Yes it could. Its called VTA vertical tracking angle and it can have significant impact on the sound.
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Well my concern with adjusting this is that there is a screw on the tonearm base that lines up with a hole in the right side of the plinth. I'm not quite sure how to raise the back end of the tonearm without causing that screw to become misaligned with the hole in the plinth. Anyone out there with a Clearaudio Emotion/Satisfy Tonearm that can advise?
If the tonearm setup with the Emotion is the same as the Marantz TT-15 (which I think it is), simply keep one hand on the base of the arm while you loosen the set screw a bit. Raise the arm up through the plinth a bit and then re-tighten the screw.
I think that a good idea would be to use a machinist's ruler to measure where the arm is at before you make an adjustment, just to have a baseline. I measure from the bottom of the block of the tonearm lift to the plinth. With the Marantz, they have you place the tonearm weight under the block to set the height of the arm. I think that I measured this out to be about 22/32nds. I'm assuming that you're using a Clearaudio cart - If not, that could be another reason your arm might appear "off" as some carts are taller than others. If you are using a mat, you'll also need to compensate for that.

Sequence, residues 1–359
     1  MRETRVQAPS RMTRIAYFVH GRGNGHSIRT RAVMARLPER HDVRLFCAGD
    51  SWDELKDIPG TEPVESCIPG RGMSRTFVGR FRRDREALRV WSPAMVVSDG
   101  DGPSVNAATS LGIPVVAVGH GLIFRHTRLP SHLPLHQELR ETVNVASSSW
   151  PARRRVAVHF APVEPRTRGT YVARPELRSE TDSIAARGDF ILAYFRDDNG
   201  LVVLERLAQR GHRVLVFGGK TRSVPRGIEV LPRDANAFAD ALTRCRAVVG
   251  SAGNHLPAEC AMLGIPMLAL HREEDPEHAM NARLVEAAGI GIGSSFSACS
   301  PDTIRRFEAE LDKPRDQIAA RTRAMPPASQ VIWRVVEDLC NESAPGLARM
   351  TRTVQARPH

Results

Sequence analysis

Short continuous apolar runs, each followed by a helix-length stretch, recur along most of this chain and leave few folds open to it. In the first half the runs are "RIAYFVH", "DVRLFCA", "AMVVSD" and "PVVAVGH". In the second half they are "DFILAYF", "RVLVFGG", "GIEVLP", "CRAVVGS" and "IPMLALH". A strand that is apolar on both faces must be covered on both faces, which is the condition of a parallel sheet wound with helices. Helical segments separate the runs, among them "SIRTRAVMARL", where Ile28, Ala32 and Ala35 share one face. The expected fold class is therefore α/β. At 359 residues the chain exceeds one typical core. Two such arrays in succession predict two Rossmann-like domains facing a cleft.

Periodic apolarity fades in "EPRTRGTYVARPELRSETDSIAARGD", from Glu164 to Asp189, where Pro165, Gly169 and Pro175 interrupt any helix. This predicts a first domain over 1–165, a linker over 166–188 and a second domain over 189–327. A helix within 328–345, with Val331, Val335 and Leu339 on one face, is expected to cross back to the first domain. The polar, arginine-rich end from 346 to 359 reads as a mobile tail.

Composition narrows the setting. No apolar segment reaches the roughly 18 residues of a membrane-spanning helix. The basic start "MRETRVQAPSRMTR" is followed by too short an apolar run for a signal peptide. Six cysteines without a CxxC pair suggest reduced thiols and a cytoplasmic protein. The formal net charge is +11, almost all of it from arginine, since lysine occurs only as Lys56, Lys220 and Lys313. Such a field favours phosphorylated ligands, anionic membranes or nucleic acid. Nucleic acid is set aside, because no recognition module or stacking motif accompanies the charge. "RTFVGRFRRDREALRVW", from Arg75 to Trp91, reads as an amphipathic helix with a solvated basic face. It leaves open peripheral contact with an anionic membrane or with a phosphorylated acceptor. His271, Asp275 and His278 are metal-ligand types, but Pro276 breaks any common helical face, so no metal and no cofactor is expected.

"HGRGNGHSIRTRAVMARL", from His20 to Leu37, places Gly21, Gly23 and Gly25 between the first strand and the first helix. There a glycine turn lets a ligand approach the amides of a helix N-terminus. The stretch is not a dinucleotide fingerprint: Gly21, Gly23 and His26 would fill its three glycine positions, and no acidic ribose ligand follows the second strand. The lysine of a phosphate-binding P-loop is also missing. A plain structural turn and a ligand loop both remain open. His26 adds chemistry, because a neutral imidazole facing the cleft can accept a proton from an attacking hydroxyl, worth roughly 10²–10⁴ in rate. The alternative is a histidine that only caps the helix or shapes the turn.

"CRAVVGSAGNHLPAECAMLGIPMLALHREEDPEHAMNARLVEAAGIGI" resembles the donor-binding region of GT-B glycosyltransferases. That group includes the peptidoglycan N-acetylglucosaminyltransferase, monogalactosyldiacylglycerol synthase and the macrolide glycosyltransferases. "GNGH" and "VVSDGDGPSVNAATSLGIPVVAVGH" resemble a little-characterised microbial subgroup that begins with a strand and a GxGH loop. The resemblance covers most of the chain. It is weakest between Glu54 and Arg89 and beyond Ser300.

By following the directions that came with the Marantz, I also found the arm to sit a bit low on the tail end as you described. I experimented with raising the arm a bit higher, trying to get the armtube parallel to the record. In the end, I think that I ended up splitting the difference between that setting and the manufacturer's recommendation.
Is the cartridge broken in yet?
I have not found my Marantz/Clearaudio combo to have as much going on in the bottom end bloom as my Linn Lp-12/Basik/10x5 setup, however I do feel that it has a flatter response with more detail in the top end. I picked up the Linn as a 2nd TT because I felt that the Marantz was missing "something", but going back and forth between the two tables and listening did help me to fine tune the VTA on the Marantz a bit.
Hope this helps.
OOPS! Re-read your post and saw that you are in fact using the Virtuoso cart. Start with a baseline measurement and work from there.